One of the most difficult cancers to treat, ovarian cancer, is in the spotlight this month during Ovarian Cancer Awareness Month. For the 22,530 women estimated to receive a new diagnosis of ovarian cancer this year, the prognosis is expected to be poor – nearly 80 percent of them will be diagnosed in advanced stages. Sadly, another 14,000 women are expected to die this year from this disease.

Dr. Mike Janicek, medical director of gynecologic oncology at Abrazo Central Campus, said there is no way to screen for ovarian cancer. In most cases, ovarian cancer starts in the fallopian tubes. By the time it travels down to the ovaries, it typically has metastasized, which is why most women are diagnosed with stages 3 and 4 cancers.

The good news is that medical advancements are helping to better diagnose and treat women. Abrazo Central Campus at 2000 W. Bethany Home Road is one of the few hospitals/surgical centers in the country performing an innovative type of procedure to attack the cancer. For some patients with very advanced abdominal cancers, such as ovarian cancer, HIPEC or Hyperthermic Intraperitoneal Chemotherapy, is a treatment that involves surgically removing a tumor and then dispensing an extremely high concentration of heated chemotherapy directly into the abdomen. The goal is to shock and kill remaining cancer cells directly, without diluting through the bloodstream.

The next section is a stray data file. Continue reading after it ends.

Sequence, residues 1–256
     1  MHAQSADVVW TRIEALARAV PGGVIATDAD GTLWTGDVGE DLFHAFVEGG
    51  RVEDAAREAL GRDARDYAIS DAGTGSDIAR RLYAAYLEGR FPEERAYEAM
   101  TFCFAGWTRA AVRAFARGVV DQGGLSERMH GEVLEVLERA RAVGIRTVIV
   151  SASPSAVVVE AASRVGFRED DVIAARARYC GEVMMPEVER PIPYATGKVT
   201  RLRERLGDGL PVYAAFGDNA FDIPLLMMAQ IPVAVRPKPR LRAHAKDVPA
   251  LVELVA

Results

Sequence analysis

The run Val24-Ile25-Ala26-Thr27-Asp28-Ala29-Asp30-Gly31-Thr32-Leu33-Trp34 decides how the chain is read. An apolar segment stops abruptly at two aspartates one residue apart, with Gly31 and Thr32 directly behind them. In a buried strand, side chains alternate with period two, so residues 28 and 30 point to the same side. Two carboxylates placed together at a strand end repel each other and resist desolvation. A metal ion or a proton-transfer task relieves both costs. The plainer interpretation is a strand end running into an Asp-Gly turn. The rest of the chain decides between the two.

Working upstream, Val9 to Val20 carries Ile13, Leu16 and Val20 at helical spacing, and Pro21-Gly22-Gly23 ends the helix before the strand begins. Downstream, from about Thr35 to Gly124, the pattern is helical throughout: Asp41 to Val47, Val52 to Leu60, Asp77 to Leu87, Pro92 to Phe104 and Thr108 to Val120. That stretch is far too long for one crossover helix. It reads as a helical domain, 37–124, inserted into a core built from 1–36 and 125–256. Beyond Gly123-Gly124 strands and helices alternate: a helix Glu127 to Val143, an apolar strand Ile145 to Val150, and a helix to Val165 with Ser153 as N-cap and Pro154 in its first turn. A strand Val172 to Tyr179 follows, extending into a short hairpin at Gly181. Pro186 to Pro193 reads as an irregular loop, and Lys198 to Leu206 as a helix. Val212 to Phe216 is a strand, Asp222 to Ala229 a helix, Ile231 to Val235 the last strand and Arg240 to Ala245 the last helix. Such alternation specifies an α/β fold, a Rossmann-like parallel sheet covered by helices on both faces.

Ovarian cancer also can be slow to reveal itself. Some of the warning signs to watch for include bloating, pelvic or abdominal pain, trouble eating or feeling full quickly, urinary symptoms, such as urgency or frequency, or a family history of breast, ovarian, or multiple other cancers.

Some women have genetic mutations that make them more likely to develop ovarian cancer, Janicek said. To learn more, visit




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